Development of Patient-Derived Gastric Cancer Organoids from Endoscopic Biopsies and Surgical Tissues
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Organoids are three-dimensional in vitro models of human disease developed from benign and malignant gastrointestinal tissues with tremendous potential for personalized medicine applications. We sought to determine whether gastric cancer patient-derived organoids (PDOs) could be safely established from endoscopic biopsies for rapid drug screening.
Patients underwent esophagogastroduodenoscopy (EGD) for surveillance or staging and had additional forceps biopsies taken for PDO creation. Cancer tissues from operative specimens were also used to create PDOs. To address potential tumor heterogeneity, we performed low-coverage whole-genome sequencing of endoscopic-derived PDOs with paired surgical PDOs and whole-tumor lysates. The stability of genomic alterations in endoscopic organoids was assessed by next-generation sequencing and nested polymerase chain reaction (PCR) assay. The feasibility and potential accuracy of drug sensitivity screening with endoscopic-derived PDOs were also evaluated.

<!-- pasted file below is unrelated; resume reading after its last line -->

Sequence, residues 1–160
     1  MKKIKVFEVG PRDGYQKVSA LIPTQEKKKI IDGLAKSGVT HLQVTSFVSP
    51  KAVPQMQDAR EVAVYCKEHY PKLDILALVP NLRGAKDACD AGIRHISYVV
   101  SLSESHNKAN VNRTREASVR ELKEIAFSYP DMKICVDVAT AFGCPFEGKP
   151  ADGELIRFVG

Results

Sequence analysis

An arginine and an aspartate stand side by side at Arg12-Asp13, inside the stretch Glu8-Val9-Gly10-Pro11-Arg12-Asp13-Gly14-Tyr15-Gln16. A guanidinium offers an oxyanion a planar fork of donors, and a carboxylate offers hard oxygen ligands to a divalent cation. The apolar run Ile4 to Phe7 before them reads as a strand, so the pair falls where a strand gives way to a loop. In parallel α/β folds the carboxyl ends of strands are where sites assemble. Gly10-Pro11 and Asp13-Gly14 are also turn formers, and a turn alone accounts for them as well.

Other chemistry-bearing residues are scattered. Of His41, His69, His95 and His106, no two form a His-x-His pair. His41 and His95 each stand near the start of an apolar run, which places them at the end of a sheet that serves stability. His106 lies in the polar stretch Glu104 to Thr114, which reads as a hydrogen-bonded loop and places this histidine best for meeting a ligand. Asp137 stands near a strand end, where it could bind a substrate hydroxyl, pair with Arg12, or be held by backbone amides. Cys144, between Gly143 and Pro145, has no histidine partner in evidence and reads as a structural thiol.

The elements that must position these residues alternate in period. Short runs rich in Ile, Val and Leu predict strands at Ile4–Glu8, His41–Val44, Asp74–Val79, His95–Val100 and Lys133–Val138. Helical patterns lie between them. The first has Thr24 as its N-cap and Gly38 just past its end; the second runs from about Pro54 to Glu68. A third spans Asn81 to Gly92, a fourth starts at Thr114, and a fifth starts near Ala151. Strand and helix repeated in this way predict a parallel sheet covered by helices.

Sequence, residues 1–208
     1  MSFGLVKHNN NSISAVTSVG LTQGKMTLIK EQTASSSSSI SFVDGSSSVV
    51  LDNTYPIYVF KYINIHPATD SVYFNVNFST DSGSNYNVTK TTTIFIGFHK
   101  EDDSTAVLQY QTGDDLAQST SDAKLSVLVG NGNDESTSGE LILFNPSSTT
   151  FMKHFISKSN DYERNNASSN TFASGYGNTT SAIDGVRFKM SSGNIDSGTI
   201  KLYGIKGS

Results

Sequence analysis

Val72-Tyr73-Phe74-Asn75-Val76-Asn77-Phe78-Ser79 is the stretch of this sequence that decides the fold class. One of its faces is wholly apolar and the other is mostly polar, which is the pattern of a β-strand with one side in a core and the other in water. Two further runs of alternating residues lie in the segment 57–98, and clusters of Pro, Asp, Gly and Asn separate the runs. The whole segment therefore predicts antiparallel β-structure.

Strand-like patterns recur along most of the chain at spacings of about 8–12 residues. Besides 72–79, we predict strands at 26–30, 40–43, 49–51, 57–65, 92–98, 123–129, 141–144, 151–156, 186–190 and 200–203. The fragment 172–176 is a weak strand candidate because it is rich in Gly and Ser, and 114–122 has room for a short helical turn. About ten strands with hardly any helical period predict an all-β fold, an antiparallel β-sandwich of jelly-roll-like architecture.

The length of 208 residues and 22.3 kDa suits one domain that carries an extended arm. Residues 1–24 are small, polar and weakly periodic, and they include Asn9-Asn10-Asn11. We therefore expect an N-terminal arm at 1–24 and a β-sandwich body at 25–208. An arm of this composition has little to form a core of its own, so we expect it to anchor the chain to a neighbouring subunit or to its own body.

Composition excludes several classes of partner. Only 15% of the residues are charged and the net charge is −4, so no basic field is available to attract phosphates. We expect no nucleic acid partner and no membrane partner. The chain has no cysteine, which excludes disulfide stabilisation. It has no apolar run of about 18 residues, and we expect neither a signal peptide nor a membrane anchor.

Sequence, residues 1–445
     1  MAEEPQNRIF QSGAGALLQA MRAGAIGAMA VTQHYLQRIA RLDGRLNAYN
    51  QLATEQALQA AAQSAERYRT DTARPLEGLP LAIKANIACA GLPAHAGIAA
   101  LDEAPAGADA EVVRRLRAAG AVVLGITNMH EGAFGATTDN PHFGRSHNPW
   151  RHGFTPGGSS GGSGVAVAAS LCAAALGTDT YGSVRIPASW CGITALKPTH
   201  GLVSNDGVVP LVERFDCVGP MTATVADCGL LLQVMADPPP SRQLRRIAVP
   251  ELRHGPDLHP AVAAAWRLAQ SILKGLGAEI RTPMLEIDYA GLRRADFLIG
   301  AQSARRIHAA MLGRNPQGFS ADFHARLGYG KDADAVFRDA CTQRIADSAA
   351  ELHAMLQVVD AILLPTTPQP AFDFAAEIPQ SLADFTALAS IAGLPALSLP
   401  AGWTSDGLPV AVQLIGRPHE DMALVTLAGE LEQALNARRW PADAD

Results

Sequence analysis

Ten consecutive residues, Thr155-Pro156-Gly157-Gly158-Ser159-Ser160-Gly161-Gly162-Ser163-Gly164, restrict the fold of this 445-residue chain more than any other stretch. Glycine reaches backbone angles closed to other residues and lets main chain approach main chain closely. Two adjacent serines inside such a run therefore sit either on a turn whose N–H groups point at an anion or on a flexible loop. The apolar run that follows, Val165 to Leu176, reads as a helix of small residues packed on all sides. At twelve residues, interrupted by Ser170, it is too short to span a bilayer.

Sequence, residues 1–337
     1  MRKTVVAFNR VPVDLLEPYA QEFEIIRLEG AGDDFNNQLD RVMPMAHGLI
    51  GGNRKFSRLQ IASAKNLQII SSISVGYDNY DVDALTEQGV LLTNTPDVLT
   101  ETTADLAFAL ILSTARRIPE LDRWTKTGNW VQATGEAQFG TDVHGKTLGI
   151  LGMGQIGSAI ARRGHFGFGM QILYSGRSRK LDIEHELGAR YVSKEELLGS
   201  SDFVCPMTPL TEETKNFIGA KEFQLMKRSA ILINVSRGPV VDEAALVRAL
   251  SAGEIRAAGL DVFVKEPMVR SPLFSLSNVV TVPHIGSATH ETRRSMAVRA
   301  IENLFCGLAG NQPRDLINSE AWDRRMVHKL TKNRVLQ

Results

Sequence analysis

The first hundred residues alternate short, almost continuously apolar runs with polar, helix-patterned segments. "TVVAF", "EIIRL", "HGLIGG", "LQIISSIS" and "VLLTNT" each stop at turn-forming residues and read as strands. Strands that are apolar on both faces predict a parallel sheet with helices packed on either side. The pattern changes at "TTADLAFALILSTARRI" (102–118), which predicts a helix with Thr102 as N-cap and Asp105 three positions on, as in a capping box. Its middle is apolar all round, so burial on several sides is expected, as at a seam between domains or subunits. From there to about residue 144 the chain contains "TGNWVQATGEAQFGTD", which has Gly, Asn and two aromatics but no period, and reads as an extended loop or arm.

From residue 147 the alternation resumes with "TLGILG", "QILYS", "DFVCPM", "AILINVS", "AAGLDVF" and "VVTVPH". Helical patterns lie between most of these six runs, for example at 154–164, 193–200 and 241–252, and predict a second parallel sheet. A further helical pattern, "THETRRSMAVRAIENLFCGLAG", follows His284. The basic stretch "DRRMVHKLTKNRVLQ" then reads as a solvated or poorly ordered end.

Gastric cancer PDOs (n = 15) were successfully established from EGD forceps biopsies (n = 8) and surgical tissues (n = 7) from five patients with gastric adenocarcinoma. Low-coverage whole-genomic profiling of paired EGD and surgical PDOs along with whole-tumor lysates demonstrated absence of tumor heterogeneity. Nested PCR assay identified similar KRAS alterations in primary tumor and paired organoids. Drug sensitivity testing of endoscopic-derived PDOs displayed standard dose–response curves to current gastric cancer cytotoxic therapies.
Our study results demonstrate the feasibility of developing gastric cancer PDOs from EGD biopsies. These results also indicate that endoscopic-derived PDOs are accurate surrogates of the primary tumor and have the potential for drug sensitivity screening and personalized medicine applications.
We would like to thank Drs. Hans Clevers and Georg Busslinger at the Hubrecht Institute for their instruction on developing organoids. These studies were presented in part at 2018 SSO Annual Symposium.
None of the authors has a conflict of interest to disclose.